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Difference between .tagName and .nodeName

Posted by: admin November 30, 2017 Leave a comment

Questions:

What is the difference between $('this')[0].nodeName and $('this')[0].tagName?

Answers:

The tagName property is meant specifically for element nodes (type 1 nodes) to get the type of element.

There are several other types of nodes as well (comment, attribute, text, etc.). To get the name of any of the various node types, you can use the nodeName property.

When using nodeName against an element node, you’ll get its tag name, so either could really be used, though you’ll get better consistency between browsers when using nodeName.

Questions:
Answers:

This is a pretty good explanation of the difference between the two.


Added text from the article:

tagName and nodeName are both useful Javascript properties for
checking the name of an html element. For most purposes, either will
do fine but nodeName is preferred if you are supporting only A-grade
browsers and tagName is preferred if you intend to support IE5.5 as
well.

There are two issues with tagName:

  • In all versions of IE, tagName returns ! when called on a comment node
  • For text nodes, tagName returns undefined whereas nodeName returns #text

nodeName has its own set of issues but they are less severe:

  • IE 5.5 returns ! when called on a comment node. This is less harmful than tagName which suffers from this behaviour across all
    versions of IE
  • IE 5.5 doesn’t support nodeName for the document element or for attributes. Neither of these should be a concern for most practical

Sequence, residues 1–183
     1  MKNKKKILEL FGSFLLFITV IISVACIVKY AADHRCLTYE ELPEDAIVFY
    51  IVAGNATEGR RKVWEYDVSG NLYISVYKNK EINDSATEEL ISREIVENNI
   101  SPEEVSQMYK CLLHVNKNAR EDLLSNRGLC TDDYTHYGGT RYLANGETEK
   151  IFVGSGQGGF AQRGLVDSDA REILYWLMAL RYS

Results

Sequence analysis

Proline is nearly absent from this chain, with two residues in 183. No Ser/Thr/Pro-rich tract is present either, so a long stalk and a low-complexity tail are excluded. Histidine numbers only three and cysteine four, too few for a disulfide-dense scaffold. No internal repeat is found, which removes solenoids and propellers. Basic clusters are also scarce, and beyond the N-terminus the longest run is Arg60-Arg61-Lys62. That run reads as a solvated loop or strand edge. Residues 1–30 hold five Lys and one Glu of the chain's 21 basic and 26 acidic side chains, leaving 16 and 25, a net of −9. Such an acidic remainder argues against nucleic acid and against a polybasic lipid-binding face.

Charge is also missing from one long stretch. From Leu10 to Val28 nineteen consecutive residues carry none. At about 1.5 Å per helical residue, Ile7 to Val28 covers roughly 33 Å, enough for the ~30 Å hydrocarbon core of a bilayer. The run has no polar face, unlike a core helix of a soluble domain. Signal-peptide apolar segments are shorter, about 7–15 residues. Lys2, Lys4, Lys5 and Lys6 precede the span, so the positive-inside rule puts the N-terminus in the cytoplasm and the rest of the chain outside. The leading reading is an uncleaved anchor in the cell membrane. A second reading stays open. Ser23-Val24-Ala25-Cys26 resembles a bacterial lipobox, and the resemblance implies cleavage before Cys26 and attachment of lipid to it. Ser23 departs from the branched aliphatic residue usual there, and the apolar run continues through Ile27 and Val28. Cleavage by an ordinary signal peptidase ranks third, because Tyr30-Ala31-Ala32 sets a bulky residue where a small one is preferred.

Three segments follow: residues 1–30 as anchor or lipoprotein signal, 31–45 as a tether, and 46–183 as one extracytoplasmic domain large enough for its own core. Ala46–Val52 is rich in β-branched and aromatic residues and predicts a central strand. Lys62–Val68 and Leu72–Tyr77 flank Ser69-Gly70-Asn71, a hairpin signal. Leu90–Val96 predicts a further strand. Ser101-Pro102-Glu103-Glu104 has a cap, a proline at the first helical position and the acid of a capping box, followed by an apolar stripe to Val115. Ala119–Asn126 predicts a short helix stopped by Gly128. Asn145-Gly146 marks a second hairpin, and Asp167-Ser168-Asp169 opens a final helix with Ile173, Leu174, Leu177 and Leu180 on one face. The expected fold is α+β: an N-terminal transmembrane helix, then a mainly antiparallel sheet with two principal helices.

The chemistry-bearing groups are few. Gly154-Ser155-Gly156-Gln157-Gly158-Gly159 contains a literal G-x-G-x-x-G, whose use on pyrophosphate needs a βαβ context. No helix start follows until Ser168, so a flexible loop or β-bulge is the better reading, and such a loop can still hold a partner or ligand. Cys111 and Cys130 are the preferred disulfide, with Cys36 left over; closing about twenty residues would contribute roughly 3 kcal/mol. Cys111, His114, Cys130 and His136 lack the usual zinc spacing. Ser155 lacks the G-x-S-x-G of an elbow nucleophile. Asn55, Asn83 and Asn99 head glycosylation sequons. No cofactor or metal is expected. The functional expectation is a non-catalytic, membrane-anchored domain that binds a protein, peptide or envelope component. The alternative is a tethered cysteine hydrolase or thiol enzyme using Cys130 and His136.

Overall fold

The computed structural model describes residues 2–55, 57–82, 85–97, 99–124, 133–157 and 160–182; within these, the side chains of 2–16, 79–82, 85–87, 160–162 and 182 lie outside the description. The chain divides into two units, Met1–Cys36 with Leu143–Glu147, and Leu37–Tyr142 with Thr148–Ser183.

purposes but should be kept in mind in any case
  • Konqueror ignores comment nodes when using this property. But then again, Konqueror, along with IE 5.5 is not an A-grade browser

So for most practical purposes stick to nodeName due to its support
for a wider range of scenarios and potentially better forward
compatibility. Not to mention that it doesn’t hiccup on a comment
node, which has a tendency to creep into code unannounced. Don’t worry
about IE 5.5 or Konqueror as their market share is near 0%.

Questions:
Answers:

Read about those properties in the DOM Core spec.

nodeName is a property defined in the Node interface
http://www.w3.org/TR/DOM-Level-3-Core/core.html#ID-F68D095

tagName is a property defined in the Element interface
http://www.w3.org/TR/DOM-Level-3-Core/core.html#ID-104682815

btw the Node interface is implemented by every node in the DOM tree (including the document object itself). The Element interface is implemented only by those nodes in the DOM tree that represent elements in an HTML document (nodes with nodeType === 1) .

Questions:
Answers:

And this is what happens on Firefox 33 and Chrome 38:

HTML:

<div class="a">a</div>

Js:

node = e
node.nodeType === 1
node.nodeName === 'DIV'
node.tagName  === 'DIV'

node = e.getAttributeNode('class')
node.nodeType === 2
node.nodeName === 'class'
node.tagName  === undefined

node = e.childNodes[0]
node.nodeType === 3
node.nodeName === '#text'
node.tagName  === undefined

So:

  • only use nodeType to get the node type: nodeName breaks for nodeType === 1
  • only use tagName for nodeType === 1